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Iowa says 'happy holidays' to Cleveland with 'A Wonderful Life"

IOWA CITY, Iowa -- The new musical "A Wonderful Life" premiered recently at the Cleveland Playhouse with a distinctly Iowa flavor. The production was made possible by a substantial transplant of artistic talent from the University of Iowa.

UI theatre arts department chair Alan MacVey, his colleague Bryon Winn and UI dance department faculty member Alan Sener collaborated on the musical theater piece. MacVey directed the production, which is the largest in the 75-year history of that major regional theater. Sener served as choreographer, and Winn was assistant lighting designer.

"A Wonderful Life," was adapted from the Frank Capra film by Sheldon Harnick, author of "Fiddler on the Roof," and Joe Raposo, composer of music for "Sesame Street" and many films. It opened at the Playhouse Nov. 28 and runs through Dec. 28. Artistic Director Peter Hackett reports that the production has been extremely successful and is likely to be the biggest money maker in the history of the Playhouse.

MacVey spent the month of November in Cleveland, returning to Iowa City every Monday (his rehearsal day off) to teach. Sener joined him for several intensive periods, and Winn was in residence for the final 10 days before the production opened.

MacVey explains, "It's fairly rare for university faculty members to work on a production at a major regional theater. For three members of the same faculty to work on this project --which is so important to the Cleveland Playhouse -- is a great treat. Alan (Sener) and I met several times in Iowa City to work out plans for the production, and as we flew back and forth to Cleveland each week we were able to discuss what we still needed to accomplish."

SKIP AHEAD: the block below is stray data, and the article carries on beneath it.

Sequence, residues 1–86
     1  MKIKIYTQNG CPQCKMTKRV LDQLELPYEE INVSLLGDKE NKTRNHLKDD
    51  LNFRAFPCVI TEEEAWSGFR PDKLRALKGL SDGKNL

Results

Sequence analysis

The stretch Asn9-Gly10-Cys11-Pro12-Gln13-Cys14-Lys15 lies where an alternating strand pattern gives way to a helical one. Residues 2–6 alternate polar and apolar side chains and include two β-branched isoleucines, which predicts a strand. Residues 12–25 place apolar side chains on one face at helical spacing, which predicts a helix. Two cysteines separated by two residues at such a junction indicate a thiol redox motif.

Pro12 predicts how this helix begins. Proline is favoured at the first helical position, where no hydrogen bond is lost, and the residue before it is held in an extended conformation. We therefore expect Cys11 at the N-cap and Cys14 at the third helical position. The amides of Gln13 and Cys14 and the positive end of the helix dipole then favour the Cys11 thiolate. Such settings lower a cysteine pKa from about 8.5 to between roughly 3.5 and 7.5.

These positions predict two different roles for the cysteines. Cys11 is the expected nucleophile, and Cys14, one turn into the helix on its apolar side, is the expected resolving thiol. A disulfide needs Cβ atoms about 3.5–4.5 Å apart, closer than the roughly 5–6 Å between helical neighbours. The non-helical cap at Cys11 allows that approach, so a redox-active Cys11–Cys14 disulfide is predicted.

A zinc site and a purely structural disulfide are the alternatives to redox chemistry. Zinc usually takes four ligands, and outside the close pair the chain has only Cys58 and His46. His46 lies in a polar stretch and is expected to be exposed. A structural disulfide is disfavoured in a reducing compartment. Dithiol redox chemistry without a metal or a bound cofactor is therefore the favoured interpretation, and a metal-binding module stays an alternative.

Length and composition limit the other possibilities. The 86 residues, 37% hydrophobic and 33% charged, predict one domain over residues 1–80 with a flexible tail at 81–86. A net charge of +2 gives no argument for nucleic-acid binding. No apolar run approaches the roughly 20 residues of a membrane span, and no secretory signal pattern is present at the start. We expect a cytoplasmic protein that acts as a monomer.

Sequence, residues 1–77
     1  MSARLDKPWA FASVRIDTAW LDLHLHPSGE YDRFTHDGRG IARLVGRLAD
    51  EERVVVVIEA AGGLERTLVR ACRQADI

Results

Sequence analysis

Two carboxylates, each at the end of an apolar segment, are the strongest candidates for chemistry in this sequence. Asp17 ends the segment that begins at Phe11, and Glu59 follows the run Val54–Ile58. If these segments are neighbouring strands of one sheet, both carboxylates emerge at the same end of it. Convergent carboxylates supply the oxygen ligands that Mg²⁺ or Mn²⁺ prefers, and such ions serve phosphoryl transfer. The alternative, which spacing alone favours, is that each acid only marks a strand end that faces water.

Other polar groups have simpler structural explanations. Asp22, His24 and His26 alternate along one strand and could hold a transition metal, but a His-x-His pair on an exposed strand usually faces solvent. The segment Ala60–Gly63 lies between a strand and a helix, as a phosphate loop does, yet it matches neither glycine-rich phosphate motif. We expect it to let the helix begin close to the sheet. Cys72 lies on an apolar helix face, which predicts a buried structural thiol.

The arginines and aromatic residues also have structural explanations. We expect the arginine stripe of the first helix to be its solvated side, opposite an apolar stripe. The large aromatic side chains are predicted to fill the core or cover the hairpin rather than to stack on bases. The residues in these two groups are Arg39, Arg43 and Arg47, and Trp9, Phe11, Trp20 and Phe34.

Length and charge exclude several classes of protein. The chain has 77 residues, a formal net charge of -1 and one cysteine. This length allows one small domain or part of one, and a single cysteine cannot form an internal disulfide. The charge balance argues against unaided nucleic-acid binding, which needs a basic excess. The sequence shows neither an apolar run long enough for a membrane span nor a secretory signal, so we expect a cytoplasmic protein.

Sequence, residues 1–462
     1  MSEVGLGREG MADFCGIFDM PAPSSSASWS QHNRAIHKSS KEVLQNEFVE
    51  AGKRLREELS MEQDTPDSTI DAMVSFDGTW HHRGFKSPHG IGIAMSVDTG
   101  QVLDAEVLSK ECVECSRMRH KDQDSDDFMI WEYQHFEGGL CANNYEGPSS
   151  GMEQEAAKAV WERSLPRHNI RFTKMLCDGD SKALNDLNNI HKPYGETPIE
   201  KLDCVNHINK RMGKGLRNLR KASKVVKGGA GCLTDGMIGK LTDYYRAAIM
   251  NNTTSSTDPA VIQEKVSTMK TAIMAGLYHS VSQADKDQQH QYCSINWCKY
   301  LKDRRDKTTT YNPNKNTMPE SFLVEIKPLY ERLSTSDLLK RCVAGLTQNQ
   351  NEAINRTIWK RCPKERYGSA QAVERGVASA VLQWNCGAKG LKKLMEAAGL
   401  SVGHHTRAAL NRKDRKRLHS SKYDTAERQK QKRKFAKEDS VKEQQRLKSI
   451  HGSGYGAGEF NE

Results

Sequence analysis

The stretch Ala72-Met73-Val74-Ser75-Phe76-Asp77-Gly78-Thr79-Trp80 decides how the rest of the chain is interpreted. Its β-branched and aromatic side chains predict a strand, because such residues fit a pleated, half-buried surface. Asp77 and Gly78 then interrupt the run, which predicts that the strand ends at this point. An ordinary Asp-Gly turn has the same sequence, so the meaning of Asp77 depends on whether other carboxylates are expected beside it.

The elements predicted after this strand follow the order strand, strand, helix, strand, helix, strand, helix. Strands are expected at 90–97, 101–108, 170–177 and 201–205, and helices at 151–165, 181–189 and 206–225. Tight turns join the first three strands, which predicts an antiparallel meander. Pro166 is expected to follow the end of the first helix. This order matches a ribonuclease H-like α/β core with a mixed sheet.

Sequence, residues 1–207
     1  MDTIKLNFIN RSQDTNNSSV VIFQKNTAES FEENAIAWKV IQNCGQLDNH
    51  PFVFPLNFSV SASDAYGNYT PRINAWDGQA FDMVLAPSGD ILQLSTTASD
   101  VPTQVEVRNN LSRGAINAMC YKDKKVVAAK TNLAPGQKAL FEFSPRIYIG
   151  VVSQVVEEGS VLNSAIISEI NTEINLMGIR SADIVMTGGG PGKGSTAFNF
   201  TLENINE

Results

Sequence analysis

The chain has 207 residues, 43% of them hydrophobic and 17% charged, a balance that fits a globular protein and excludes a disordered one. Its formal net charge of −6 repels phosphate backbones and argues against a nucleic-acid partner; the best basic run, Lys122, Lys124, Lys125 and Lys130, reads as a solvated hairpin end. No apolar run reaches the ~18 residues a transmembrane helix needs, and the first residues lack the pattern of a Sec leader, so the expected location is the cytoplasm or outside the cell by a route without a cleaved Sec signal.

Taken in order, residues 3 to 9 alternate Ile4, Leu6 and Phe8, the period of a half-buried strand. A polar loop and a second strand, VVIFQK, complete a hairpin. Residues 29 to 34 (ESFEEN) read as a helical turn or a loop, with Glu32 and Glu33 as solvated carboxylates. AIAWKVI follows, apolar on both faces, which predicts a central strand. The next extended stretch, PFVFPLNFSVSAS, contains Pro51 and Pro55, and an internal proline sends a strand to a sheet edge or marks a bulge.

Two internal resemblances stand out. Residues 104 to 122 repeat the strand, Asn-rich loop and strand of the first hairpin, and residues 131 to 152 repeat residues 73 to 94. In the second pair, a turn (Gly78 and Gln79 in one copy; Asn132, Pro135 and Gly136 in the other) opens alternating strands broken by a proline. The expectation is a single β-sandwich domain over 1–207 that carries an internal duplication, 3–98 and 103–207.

The Cleveland production has been part of a busy year professionally for MacVey, who was on leave from the UI last spring. In February he directed the world premiere of Russell Vandenbroucke's "Atomic Bombers" at North Light Theatre in Chicago, opening North Light's new theatre.

He then flew to San Francisco where he worked with UI Writers' Workshop and Playwrights Workshop alumna Darrah Cloud and Kim Sherman on the premier of "Heart Land," a musical set in Moscow, Iowa. It was produced by TheatreWorks, then presented again in workshop in New York City.

During the summer MacVey directed Samuel Beckett's "Endgame" at the Bread Loaf School of English in Vermont, where he has been artistic director of the Acting Ensemble, a professional company, for 12 years.

He then directed Shakespeare's "A Midsummer Night's Dream" at Trinity Repertory Company in Providence, R.I. He was also named associate director at Trinity Rep, one of the largest professional companies in the United States.

"'A Wonderful Life' is the last production I'll direct until next summer, when we plan a co-production of Brecht's 'Three Penny Opera' with the Trinity Company," MacVey says. "I'm looking forward to bringing all I've learned to my classes on acting and directing at the UI."

Sener was also on leave last spring and spent much of his time interviewing former colleagues of the choreographer Louis Falco for an upcoming book. A long-time member of Falco's dance company, Sener is now the artistic executor of the choreographer's estate. In that capacity he has traveled the world, teaching Falco works to dance companies.

Winn, in his third year on the UI Theatre Arts faculty, was lighting designer for Iowa Summer Rep and other local companies.

The Cleveland Playhouse, one of the country's oldest and largest regional theaters, plans to bring "A Wonderful Life" back for its Christmas season, 1998.

12/19/97